Guy Meadows, Director of Great Lakes Initiatives

The Great Lakes represent almost 90 percent of the US surface freshwater, with almost one-half of that in Lake Superior alone.

Never before has the Great Lakes basin faced the magnitude of issues and stresses currently in operation—challenges that cut across all branches of science and engineering, from biology to physics, and from social science to management and policy.

Enter Professor Guy Meadows, who recently joined Michigan Tech after 35 years at the University of Michigan Ann Arbor. As Director of Great Lakes Initiatives at Michigan Tech’s new Great Lakes Research Center, Meadows’ primary goal is to blend scientific understanding and technological advancements into environmentally sound engineering solutions for the Great Lakes. “Tackling these difficult and multidisciplinary issues requires an organization that brings together dedicated researchers, from all areas, to focus their collective energies and expertise on problems never before faced,” says Meadows. “The opportunity is now before us; it is up to us to seize the moment.

“Freshwater is perhaps our most valuable natural resource,” adds Meadows. “Research directed at understanding and preserving all aspects of this enormous natural resource is critical to the well being of our nation, our neighbors, and the world. We’ve needed a state-of-the-art, integrated facility where researchers, students, technicians, policy makers and the general public can come together to not only share ideas, but to share laboratory space, advanced equipment and a common goal. The Great Lakes Research Center is that 21st century space.”
Meadows’ own research involves the development of a wide range of environmental monitoring platforms, which operate in the Great Lakes and coastal ocean. These range from a network of automated wind and wave measurement buoys distributed through the upper Great Lakes to underwater vehicles for bottom mapping. His team has even developed a fully autonomous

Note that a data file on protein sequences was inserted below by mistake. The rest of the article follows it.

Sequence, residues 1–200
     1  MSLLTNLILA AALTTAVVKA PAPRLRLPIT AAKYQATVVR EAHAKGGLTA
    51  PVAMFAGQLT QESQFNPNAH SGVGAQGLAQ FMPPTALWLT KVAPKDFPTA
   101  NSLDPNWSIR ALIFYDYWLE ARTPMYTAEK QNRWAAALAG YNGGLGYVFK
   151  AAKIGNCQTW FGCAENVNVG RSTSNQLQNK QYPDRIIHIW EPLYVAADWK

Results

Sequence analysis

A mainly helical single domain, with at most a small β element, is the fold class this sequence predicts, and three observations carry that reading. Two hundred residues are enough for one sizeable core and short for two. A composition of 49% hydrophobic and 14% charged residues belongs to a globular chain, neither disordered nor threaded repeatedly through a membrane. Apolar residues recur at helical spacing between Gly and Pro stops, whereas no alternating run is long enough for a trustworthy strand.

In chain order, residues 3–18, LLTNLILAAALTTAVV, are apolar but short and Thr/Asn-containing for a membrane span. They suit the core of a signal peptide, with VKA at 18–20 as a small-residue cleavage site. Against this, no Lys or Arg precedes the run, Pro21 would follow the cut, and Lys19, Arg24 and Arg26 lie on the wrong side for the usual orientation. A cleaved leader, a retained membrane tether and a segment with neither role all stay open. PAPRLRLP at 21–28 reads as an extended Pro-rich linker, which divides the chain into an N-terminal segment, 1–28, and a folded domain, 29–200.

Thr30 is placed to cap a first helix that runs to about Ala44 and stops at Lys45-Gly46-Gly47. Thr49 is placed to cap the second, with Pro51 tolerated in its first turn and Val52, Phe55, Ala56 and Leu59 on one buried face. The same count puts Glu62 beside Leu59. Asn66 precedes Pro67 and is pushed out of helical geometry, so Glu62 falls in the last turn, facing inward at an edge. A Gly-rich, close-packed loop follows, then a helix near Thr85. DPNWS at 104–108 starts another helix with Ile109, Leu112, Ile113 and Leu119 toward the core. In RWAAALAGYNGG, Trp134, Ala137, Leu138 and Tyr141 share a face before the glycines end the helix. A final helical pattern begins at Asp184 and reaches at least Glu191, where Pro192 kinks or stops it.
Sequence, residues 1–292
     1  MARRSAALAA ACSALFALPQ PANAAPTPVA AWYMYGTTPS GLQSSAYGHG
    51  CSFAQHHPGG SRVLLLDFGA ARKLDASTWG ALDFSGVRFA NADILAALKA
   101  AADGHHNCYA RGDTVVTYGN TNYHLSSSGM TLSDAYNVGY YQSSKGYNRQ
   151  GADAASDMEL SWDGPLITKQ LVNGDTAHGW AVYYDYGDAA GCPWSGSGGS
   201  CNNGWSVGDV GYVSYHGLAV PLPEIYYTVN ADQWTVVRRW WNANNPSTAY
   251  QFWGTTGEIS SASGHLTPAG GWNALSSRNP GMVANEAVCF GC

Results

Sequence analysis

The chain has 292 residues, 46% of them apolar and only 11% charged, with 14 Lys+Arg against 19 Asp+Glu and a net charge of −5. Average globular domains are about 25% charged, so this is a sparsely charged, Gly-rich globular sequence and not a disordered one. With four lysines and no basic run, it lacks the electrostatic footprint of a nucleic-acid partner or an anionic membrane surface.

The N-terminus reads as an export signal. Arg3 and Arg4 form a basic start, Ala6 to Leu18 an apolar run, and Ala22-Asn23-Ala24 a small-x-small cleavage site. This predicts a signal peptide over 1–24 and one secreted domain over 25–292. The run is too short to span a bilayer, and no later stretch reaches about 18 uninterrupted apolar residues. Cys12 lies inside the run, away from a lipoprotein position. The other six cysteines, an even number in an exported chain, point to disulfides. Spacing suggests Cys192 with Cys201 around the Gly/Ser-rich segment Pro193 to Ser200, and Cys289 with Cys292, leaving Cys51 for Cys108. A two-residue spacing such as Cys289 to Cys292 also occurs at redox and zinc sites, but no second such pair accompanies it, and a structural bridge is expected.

ocean-monitoring buoy that flies as a robotic Pelican.

The next step, in collaboration with colleagues at Michigan Tech, is to accurately take the internal temperature of Lake Superior by propagating sound waves the entire length of the basin and very accurately measuring the travel time. “We will do this at many different frequencies, causing the sound waves to take many different paths through the lake, from surface to bottom. This will answer the question: ‘Is Lake Superior warming up? And if so, by how much?’”

Michigan Tech’s Great Lakes Research Center provides the ideal location to further develop the next generation of advanced sensors and numerical models for the marine environment. “The University’s new super computer, which will be housed in the GRLC, make this possible,” says Meadows. The Center’s location on the deep Keweenaw Waterway will allow the team to begin to monitor the Lakes though the harsh northern winters. “Presently, we must remove our network of surface buoys before ice develops. This leaves us blind to understanding Lake dynamics during the worst (and most interesting) part of the year,” he adds. “We are now able to develop a network of underwater buoys each with a node cabled back to the GLRC—an evolving effort with partner universities on the Canadian side.”

Meadows’ distinguished career of teaching, research and service includes numerous awards for outstanding teaching, which reaches beyond the University setting to less formal environments, including five nationally-televised documentaries for the History Channel and the Discovery Channel.

For more information on the new Great Lakes Research Center at Michigan Tech, visit www.greatlakes.mtu.edu.

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